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Our view: Judge learns a lesson, but teen paid the price




Monday morning, Judge Lee Coleman presided over the probation revocation hearing of Alan Redden of Columbus at the Lowndes County Courthouse. 


The hearing, which included testimony from three witnesses and Redden, took about an hour, but it was clear from the get-go that Coleman could hardly wait to make his ruling. 


In fact, Coleman interrupted prosecutor Lindsay Clemons' closing statement by saying he had made up his mind to revoke Redden's probation. 


It's easy to see why. 


From the moment Coleman suspended Redden's five-year sentence for the aggravated assault/domestic violence and placed him on unsupervised probation on Feb. 5, the whole matter has been a headache for the judge. The laughably lenient sentence came after Redden was found guilty for beating at his wife with a belt, jabbing her with a golf club and kicking her after she had fallen to the floor. Naturally, Coleman's handling of the case created an immediate firestorm of criticism. Of course, Coleman is not the first judge to make an unpopular decision. In most cases, the criticism eventually subsides. But not so with the Redden case. Less than five months after Coleman basically wagged a disapproving finger in Redden's face and told him "just don't let it happen again or you'll be in big trouble," Redden was arrested again, this time for the physical assault of a 13-year-old girl, the daughter of the girlfriend he had broken up with earlier that day. 


While Redden has yet to face that charge, the arrest was enough to bring him back to court for Monday's revocation hearing. 


Rod Ray, Redden's attorney, didn't put up much of a fight after listening to the testimony of the young teen, another child who was at this latest incident and the estranged girlfriend. Redden didn't try to make a case for himself, either, when allowed to address the court. He told Coleman everything the witnesses said "was right on the money" and apologized to Coleman "for all the stuff you've been going through because of me." 


Ray rather sheepishly asked Coleman "to be as lenient as you can be." 


Of course, we know just how lenient Coleman can be, which was the how all of this started in the first place.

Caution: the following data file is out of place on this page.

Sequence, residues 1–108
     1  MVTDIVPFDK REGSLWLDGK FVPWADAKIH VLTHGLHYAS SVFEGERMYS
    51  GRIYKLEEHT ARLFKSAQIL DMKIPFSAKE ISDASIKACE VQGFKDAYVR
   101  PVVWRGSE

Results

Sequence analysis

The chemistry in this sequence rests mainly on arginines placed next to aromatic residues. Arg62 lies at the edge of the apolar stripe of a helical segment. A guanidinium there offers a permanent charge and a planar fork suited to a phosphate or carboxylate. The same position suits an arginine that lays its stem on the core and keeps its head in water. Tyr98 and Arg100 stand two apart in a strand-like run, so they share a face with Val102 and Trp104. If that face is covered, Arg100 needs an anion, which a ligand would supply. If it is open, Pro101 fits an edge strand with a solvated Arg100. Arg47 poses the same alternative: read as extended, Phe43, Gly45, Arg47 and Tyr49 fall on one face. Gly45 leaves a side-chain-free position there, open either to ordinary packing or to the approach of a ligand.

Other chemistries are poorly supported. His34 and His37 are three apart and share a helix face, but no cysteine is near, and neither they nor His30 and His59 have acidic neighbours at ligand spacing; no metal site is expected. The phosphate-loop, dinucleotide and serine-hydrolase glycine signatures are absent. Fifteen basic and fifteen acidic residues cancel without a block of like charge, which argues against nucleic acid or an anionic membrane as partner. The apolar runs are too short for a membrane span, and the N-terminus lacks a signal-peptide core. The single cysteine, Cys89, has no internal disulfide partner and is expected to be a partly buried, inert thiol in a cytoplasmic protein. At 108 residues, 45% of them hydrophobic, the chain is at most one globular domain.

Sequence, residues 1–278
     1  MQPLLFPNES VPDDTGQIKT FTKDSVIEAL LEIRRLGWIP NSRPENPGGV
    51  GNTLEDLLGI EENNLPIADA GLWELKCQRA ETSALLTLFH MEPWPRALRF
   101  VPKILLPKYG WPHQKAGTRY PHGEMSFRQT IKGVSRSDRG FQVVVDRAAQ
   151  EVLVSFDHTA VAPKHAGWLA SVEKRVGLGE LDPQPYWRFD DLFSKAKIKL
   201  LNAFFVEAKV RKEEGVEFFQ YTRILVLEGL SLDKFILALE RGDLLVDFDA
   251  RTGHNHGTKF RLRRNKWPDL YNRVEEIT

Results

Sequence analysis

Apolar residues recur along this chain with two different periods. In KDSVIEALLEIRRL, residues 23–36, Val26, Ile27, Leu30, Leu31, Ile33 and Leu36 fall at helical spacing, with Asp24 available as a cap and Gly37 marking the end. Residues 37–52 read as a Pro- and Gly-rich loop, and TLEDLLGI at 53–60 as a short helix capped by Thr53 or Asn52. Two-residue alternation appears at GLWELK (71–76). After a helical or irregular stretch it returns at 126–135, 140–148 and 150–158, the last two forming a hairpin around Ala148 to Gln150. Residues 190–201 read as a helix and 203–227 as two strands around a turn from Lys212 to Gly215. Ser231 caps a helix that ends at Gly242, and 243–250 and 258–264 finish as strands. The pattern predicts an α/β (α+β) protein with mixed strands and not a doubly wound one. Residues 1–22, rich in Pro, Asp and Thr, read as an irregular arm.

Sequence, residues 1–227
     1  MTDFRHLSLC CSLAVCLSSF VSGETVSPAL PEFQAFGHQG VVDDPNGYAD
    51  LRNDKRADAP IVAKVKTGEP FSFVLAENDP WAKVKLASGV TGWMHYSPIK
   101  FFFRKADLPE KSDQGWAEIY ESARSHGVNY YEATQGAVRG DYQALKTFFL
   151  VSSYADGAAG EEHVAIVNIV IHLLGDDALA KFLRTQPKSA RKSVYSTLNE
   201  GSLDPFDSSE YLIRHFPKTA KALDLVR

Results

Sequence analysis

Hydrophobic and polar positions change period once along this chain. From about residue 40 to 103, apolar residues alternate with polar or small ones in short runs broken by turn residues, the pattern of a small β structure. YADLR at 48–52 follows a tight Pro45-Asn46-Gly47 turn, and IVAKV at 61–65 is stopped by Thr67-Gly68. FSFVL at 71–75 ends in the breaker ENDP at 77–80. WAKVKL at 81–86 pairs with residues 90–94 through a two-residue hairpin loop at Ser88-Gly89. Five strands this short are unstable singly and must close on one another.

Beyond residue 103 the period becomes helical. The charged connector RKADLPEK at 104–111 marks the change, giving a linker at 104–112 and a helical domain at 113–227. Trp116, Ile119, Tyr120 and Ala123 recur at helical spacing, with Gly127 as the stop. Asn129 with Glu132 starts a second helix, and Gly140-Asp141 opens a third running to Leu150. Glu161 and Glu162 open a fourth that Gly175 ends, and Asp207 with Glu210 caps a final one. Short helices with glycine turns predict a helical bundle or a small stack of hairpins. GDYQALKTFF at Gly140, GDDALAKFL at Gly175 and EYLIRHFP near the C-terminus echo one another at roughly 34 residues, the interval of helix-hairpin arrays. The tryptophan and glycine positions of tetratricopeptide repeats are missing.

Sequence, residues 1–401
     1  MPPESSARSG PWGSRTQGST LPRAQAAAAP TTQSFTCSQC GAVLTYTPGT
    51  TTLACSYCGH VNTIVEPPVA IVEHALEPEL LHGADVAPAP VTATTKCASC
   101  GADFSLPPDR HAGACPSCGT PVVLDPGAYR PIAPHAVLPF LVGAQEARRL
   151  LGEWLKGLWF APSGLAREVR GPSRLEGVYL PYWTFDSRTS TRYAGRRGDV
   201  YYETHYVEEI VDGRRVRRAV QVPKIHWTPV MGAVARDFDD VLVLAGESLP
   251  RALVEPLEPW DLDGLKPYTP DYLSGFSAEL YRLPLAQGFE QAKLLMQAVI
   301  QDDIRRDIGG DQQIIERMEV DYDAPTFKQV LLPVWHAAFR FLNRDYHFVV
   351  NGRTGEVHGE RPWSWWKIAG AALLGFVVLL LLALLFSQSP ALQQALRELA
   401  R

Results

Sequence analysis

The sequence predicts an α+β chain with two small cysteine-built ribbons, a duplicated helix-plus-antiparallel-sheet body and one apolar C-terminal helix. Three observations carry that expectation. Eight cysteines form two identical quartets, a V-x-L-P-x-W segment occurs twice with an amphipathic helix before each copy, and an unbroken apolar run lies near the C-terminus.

Clemons reminded the judge that Redden had been given an "incredible" (definition: "impossible to believe") opportunity and "he didn't make it six months." She seemed to be just clearing her throat when Coleman abruptly ended the proceedings by ruling that Redden had violated his probation and that the original five-year sentence would be imposed. 


You might be tempted to say all's well that ends well. Yet there is a 13-year-old girl who would not have been bullied and traumatized by Redden had Coleman not taken all the teeth out of the original sentence back in February. 


Chances are, both Coleman and Redden have learned a valuable, if painful, lesson. 


Redden, who smashed the teen's cellphone in his fit of temper, texted the girl's mom the day after the incident, asking her if she really wanted him to be sent to prison over a broken phone. 


At that point, he didn't realize that it wasn't a broken cellphone that was sending him to prison, but his lack of self-control.  


Chances are good that he will learn to curb his temper in his new environment. At age 51, he'll be vulnerable in the prison population. He'll learn to manage his impulses, to mind his own business, to control his emotions. How he chooses to learn is up to him, of course, in a place where violence is often the first option rather than the last resort. 


As for Coleman, we suspect this is the last time he will be eager to dismiss a crime as merely an "abnormality." He will not likely put much stock in the guilty party's stature as "business owner" and a "volunteer in the community." 


It is a sad fact that justice is not always blind. 


But it should never be stupid.



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